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Happy New Year to all our readers. We hope you enjoyed the festive break. 2015 is likely to be a busy year for HR professionals and employment lawyers: shared parental leave and pay becomes available on 5 April and a range of employment issues will be debated in the run up to the general election.
The pressure on NHS providers to improve performance whilst also embracing rapid transformative change shows no sign of abating.
Sir David Dalton’s Review “Examining new options and opportunities for providers of NHS Care” was published on Friday 5th December 2014. The Review sets out a number of recommendations focussed on achieving a greater consistency of quality across NHS service provision, assisted by speeding up the transactions required to implement the required models of care.
On 21-22 October 2014, Unison will challenge the legitimacy of the employment tribunal fees regime at judicial review for a second time. The High Court has the power to quash the law, order a review of the law as well as making a declaration.
Unison's first application for judicial review was rejected by the High Court back in February 2014. However, the High Court firmly left the door open for a further application once the long term impact of employment tribunal fees was known. With Ministry of Justice statistics showing a steady reduction in claims of around 70-80% from the pre-fee levels, Unison successfully appealed in September 2014 and won the right for the judicial review to be heard afresh in the High Court next week.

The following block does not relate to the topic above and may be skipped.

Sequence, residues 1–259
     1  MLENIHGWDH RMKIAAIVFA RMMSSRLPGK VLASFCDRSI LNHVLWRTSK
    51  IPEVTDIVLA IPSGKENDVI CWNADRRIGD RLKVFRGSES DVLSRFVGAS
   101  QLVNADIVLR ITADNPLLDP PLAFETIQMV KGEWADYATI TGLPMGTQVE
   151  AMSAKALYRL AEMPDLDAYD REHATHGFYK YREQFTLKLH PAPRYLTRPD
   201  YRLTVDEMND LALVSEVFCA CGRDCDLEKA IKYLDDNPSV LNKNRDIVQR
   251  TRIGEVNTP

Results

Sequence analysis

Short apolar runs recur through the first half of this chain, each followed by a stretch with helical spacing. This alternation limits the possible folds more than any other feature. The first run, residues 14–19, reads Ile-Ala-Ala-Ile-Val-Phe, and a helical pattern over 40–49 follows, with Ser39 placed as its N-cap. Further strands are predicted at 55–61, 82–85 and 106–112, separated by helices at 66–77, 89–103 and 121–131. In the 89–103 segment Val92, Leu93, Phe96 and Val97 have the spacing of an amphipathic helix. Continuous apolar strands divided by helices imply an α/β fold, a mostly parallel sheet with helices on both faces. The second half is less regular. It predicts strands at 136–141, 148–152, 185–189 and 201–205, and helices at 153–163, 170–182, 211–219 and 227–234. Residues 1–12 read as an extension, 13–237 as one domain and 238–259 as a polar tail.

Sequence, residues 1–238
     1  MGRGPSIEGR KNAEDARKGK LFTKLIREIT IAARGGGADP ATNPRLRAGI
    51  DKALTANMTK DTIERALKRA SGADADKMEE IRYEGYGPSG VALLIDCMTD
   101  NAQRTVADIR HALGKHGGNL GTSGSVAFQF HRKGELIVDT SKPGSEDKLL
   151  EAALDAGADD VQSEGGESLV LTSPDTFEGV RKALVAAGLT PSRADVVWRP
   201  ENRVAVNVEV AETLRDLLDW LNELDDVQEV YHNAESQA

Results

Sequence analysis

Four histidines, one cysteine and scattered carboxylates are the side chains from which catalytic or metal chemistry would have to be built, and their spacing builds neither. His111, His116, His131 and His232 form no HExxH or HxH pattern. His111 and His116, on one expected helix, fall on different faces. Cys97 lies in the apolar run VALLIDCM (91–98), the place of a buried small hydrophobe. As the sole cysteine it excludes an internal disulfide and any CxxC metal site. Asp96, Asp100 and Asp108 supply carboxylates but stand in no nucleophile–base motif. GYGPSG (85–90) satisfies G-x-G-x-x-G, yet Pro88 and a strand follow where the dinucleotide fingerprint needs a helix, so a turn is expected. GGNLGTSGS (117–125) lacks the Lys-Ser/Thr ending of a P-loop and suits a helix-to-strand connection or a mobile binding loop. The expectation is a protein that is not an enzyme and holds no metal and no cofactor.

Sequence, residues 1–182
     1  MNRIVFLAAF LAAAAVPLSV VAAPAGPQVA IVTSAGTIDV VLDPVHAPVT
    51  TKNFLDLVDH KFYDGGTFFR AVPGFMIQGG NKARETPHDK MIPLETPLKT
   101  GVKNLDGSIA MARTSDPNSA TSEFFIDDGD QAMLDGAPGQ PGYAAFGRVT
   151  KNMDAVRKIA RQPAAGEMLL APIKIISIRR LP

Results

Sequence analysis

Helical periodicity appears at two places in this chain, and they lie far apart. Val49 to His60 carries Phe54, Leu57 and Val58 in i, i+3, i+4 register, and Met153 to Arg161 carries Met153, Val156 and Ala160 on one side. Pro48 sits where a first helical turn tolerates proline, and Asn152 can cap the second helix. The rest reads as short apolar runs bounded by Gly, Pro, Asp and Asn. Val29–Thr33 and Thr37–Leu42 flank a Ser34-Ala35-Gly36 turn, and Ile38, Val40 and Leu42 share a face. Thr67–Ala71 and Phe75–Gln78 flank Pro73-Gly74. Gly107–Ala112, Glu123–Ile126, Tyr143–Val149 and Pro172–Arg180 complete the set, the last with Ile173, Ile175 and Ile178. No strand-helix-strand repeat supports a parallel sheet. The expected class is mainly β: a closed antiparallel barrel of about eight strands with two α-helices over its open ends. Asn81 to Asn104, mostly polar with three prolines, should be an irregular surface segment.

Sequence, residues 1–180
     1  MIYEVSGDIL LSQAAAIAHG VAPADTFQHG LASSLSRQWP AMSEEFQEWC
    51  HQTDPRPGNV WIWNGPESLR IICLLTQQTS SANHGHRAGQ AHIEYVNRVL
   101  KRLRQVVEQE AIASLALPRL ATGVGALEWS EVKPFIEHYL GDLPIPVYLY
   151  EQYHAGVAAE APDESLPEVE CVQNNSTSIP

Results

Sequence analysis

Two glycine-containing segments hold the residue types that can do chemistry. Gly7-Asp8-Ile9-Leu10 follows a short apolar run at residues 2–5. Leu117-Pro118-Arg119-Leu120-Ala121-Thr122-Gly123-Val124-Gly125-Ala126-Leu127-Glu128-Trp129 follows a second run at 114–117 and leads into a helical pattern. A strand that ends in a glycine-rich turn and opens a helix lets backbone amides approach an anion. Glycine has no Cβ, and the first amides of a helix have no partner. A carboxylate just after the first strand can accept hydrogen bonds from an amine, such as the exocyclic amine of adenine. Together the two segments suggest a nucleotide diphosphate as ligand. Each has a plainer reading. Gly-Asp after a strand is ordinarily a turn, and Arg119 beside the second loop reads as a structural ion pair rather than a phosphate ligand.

In May there were a lot of interesting developments in employment law. We've already alerted you to one of these: the British Gas case concerning commission and holiday pay. There are lots of discrimination cases covered in this alert, as well as a helpful case where the EAT found the dismissal of an employee, who tested positive for cannabis, was fair and it was not necessary for her employer to carry out any further investigation.
In a judgment issued yesterday the Court of Justice of the European Union ("CJEU") has decided that employers should take commission into account when calculating holiday pay.
This month we've had a couple of helpful judgments concerning whistleblowing. Both look at the topic of whether an employee had been subjected to a detriment because they had blown the whistle. Both of the cases highlight that employment tribunals can and should make distinctions between alleged protected disclosures themselves and the steps taken by the employer to deal with the disclosures and/or to manage the employee who has made them.
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